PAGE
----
From what I see, this has worked and will continue to work, benefiting the owner and the array of those who enjoy the garden spaces at UTEP.

Never has there been the budget in my scope of work or support of the prime consultant to do that. Except out of the kindness of my heart or at most, I’m paid to add a maintenance sheet on the plan set for a few projects.

I can count my times when a wedding or quinceañera shoot isn’t happening at UTEP.

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Just seek out the good, and enjoy it like this guy!

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I can’t wait to ride one of these scooters or rent a bike, on some future trip to the “big city” of El Chuco!

After the Love is Gone: A Decade After Installation (part 1)

Some designers like to see which parts of their landscape designs perform well, once time and poor maintenance conspire.

They appreciate what works and on future designs try to not repeat mistakes, at least those which can be helped. A visit to El Paso on Nov. 2, 2019:

The Hospitals of Providence, East Campus (by QUERCUS)

The first phase of this hospital campus was completed in 2009, including minimal landscaping to meet City of El Paso codes. The caliche soils are stunting the Chinese Pistache / Pistacia chinensis trees in the parking areas.

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Still missing the other plants on the berm by the portico. Mostly lower, that softened the boulders and yuccas. Penstemon amphorellae, Leucophyllum spp., and so on. Unknowingly removed, herbicided, pulled, etc…

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Still liking my curved seat wall, of buff-colored concrete, but the chocolate flowers, autumn sages, and rain lilies are long-gone.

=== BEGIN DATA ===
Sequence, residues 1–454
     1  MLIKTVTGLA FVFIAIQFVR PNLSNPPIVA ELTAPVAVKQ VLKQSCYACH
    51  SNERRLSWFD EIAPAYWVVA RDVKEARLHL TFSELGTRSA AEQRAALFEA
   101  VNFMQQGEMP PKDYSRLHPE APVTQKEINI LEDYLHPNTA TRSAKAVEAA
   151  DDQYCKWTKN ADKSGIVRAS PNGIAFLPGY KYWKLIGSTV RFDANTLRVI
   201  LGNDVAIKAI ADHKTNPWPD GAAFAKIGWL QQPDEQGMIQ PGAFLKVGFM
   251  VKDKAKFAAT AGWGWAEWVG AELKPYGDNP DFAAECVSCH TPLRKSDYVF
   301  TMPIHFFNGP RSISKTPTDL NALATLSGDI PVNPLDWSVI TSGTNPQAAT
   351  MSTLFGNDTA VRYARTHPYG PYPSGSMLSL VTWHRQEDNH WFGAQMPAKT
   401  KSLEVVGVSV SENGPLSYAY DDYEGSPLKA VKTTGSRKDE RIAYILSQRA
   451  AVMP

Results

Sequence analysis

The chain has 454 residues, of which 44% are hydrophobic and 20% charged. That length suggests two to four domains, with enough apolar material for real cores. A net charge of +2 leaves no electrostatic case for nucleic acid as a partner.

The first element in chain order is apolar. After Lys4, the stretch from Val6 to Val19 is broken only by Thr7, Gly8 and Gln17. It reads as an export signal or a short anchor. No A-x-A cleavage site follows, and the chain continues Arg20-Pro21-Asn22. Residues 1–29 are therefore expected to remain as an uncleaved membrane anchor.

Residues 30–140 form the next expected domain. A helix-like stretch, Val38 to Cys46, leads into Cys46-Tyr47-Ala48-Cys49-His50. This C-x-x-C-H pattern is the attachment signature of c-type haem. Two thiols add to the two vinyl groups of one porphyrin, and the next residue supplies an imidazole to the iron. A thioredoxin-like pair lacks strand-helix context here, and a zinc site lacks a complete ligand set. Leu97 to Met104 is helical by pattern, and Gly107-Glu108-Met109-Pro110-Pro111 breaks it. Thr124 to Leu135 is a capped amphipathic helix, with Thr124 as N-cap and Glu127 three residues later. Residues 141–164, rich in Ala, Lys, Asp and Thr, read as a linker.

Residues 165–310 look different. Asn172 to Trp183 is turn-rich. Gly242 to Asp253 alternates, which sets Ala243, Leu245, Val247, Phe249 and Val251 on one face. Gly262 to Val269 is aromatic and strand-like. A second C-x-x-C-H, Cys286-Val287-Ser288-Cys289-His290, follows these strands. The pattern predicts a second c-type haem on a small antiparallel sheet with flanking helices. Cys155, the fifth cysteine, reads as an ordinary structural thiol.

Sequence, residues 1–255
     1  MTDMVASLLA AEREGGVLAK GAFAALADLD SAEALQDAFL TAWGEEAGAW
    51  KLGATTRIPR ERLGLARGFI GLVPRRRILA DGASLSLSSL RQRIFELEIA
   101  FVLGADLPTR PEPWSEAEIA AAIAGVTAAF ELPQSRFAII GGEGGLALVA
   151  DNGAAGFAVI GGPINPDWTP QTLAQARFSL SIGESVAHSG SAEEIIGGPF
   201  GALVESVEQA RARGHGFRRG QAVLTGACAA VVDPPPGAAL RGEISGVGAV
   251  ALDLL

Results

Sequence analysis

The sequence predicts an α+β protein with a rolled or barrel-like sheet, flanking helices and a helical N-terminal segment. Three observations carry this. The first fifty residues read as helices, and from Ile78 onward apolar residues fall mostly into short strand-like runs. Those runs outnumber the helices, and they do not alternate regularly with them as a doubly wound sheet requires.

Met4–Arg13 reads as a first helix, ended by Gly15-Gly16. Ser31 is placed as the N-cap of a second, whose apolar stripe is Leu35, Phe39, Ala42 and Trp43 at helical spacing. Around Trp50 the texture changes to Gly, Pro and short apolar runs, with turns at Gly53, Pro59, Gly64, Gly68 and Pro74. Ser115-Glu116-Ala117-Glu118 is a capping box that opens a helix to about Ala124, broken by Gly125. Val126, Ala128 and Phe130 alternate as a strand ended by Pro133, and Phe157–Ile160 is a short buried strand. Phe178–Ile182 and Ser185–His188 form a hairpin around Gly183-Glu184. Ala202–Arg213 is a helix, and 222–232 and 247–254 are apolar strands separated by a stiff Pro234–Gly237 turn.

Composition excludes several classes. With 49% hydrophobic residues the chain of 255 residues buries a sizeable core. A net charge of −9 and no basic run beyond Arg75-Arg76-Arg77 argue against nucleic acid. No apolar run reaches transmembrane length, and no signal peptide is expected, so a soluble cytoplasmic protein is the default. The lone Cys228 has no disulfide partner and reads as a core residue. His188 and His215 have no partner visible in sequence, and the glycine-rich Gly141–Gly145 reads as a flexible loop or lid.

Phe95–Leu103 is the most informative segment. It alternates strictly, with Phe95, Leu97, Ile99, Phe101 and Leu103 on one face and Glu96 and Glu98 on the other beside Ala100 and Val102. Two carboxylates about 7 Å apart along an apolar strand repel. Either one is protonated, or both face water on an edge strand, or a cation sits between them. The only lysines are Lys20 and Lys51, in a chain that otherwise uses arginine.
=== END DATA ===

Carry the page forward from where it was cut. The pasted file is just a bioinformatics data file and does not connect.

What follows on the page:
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Color trinity, arc vs. angles

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Onto the more recent South Tower addition, built in 2013-2015, with the landscape installed in 2015.

The amount of missing plants out front from the original installation is higher than expected. Those that died for whatever reason were never replaced from what I could tell.

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I’ll need to look at my photos from earlier to verify what was originally there.

On the side entrance, more of the plantings are in place except the perennial flowering plants. The cupcakes ‘Rio Bravo’ Texas Sage / Leucophyllum langmaniae ‘Rio Bravo’ look to all be there, in various sizes. Same with the Catclaw / Senegalia greggii, Coahuilan Hesperaloe / H. funifera, and Deergrass / Muhlenbergia rigens.

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Same with the Torrey Yucca / Yucca torreyi, less skinned up of green and dead foliage than earlier plantings at the first phase here. And a stray flowering sage…

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An add-on after the project was designed, approved, and under construction was the community garden. This I really liked, but it appears to now be abandoned. The 12+ foot Siberian elm volunteer tells me much. The hospital kitchen was going to use items grown here, as well as the community.